Summary Statistics for Blinded Clinical Trial Results

I am often the unblinded individual in an otherwise blinded clinical trial. And, as part of my unblinded role, I am often asked to provide summary statistics for results when the summary statistics may unblind results either directly or indirectly. As a simple example of direct unblinding, when not all subjects have finished the trial, providing the number of subjects contributing to a summary statistic can unblind. So, I have a question: How do you provide summary statistics without unblinding anyone?

My current favored method is to provide the median as the main measure of central tendency with the following rules:

  1. If all subjects have completed the study or cohort with that treatment, provide the actual median.
  2. If not all subjects have completed the study or cohort with that treatment (e.g. if n_missing have not completed), take the median of the data with n_missing removed from the top, take the median of the data with n_missing removed from the bottom to establish the range of possible median values, and then provide as the summary statistic a uniformly distributed random number between those bounds.

I know that other methods include removing the last X values where X is the maximum number of subjects who could receive the current treatment if everyone were randomized to it, and then calculate the summary statistic based on that subset of the data.

Do you have another preferred method? Do you have tools that help you generate these statistics?

Interesting post. I am not aware of best practices and or software that help in preventing premature unblinding of studies ( or PK/PD ) studies I have seen a 2018 paper from Janssen.

and this one:

but not sure where to find SOP / rules on how DSMB handle this on a routine basis

Hi Bill,
Generally, providing summary statistics by treatment group, even if the treatment group labels aren’t disclosed, is considered unblinding and should be avoided in blinded trials. Sometimes it makes sense to monitor total number of events or other statistics pooled across the entire trial population. This is OK since it does not require access to treatment codes. Usually, unblinded or grouped data are only shared with data monitoring committees. The types of data and frequency of sharing are outlined in a charter or the protocol. You could also monitor concentrations as long as no other information regarding efficacy or safety was shared and you had a documented process for doing that while protecting trial integrity. For early access to data needed for PK/PD modeling, you could also develop a process that is acceptable to regulators. At a minimum, please check with the study statistician before providing grouped results.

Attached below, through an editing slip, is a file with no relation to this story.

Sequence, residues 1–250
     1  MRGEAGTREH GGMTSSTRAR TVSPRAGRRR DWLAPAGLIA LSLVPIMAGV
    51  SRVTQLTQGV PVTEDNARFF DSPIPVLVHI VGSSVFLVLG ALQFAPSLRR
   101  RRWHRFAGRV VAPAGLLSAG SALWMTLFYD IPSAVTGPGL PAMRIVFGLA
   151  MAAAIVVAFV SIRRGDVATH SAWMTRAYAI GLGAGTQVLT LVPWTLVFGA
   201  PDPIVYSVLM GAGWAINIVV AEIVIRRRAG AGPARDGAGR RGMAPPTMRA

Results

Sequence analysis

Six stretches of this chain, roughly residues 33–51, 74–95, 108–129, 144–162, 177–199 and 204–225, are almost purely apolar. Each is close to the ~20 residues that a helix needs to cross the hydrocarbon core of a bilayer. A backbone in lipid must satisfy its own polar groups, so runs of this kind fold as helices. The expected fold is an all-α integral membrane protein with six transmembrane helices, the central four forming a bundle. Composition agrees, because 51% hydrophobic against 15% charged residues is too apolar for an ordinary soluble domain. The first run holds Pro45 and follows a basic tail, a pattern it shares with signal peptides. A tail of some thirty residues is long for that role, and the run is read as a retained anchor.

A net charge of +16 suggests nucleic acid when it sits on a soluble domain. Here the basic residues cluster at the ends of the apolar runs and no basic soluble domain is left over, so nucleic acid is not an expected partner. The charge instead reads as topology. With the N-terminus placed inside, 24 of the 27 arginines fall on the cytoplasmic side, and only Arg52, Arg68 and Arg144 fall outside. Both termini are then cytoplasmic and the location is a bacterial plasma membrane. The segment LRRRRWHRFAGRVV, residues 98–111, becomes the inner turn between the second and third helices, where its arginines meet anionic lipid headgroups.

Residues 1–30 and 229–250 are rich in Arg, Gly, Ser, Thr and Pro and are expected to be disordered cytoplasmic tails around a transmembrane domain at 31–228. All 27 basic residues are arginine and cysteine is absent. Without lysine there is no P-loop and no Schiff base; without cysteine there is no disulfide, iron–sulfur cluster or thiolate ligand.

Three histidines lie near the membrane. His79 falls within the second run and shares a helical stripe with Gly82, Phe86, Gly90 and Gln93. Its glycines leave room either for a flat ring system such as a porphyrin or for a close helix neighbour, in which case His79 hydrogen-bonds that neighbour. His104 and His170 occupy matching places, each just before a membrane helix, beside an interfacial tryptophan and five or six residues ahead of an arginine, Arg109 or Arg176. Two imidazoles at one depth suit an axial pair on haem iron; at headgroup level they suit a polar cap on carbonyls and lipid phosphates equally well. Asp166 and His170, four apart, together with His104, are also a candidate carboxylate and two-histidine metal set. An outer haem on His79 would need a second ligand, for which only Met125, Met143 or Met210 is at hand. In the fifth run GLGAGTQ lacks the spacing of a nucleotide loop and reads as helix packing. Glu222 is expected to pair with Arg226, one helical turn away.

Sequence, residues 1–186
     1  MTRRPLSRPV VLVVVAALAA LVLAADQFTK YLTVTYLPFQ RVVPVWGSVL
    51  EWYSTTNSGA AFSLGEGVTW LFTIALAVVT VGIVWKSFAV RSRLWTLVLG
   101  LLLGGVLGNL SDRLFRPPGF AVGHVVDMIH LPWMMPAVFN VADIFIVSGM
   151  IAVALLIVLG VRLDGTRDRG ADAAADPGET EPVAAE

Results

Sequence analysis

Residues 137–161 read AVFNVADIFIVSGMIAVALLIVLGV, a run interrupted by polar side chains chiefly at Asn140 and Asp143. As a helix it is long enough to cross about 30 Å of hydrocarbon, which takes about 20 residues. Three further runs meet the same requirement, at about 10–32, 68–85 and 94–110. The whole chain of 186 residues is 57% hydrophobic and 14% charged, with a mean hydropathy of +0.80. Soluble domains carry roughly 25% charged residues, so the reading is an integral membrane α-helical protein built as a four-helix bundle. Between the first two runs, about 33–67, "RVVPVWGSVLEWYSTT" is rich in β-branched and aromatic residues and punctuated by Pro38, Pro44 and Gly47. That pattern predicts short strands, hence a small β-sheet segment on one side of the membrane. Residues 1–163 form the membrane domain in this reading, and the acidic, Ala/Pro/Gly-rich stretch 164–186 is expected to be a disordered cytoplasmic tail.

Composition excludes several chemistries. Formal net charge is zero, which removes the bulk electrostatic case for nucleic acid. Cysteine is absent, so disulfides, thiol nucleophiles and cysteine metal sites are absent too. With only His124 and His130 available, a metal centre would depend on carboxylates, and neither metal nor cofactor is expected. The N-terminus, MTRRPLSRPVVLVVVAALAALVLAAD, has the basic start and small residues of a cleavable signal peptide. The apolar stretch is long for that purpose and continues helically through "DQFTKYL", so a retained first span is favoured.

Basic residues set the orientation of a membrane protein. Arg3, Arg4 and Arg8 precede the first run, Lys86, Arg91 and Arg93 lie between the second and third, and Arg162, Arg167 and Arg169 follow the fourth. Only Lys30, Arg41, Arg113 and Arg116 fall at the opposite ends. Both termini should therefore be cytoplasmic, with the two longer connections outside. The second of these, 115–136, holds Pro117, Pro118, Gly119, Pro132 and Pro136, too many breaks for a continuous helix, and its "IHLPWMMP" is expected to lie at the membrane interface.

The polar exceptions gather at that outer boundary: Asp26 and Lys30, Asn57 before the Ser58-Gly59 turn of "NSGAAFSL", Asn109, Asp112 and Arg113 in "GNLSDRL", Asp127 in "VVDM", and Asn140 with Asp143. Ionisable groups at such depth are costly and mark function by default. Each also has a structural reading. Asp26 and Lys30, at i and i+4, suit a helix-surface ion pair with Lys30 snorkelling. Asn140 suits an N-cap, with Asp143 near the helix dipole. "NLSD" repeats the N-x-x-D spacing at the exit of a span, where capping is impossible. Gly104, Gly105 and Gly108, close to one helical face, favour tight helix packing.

Best Regards,

@SamerMOUKSASSI, thanks to the pointers to those documents, they are very helpful!

@MattR, I’m curious why you think that providing summary statistics by treatment group is generally unblinding (when done with care)? Given the fact that you mention data monitoring committees, I wonder if your comment is more focused on late-phase or longer studies where DMCs are typically used. (Though, I recognize that DMCs are not solely used in those scenarios.) I can think of a myriad ways that it is not unblinding when done carefully, though I do agree there are ways that it can be unblinding either when not done carefully. Generally, if the blinded individuals have access to the raw data without treatment assignment, I agree that summary statistics cannot be provided as they could be deconvoluted by testing combinations and permutations of treatment assignments with the data in hand. And it would also be unblinding to provide primary or secondary endpoint results or anything tightly correlated to the primary or secondary endpoint results when they are relevant to trials where the endpoint has downstream importance such as a pivotal trial or corporate material information (though not unblinding to treatment individual assignment). But there are also many scenarios where providing summary statistics by treatment arm are required such as PK summaries in dose escalating studies with PK limits and adaptive dose-finding studies where the PK/PD by treatment group is required for decision making about the next dose level.

While I agree that it is important to be careful of the blind (ergo this post), it is also very often necessary to release treatment-level summaries.

I assumed you were monitoring the PK and that you were being asked for summaries of other info. To the point of your message, it’s hard to maintain the blind even with simple PK summaries, especially in small studies.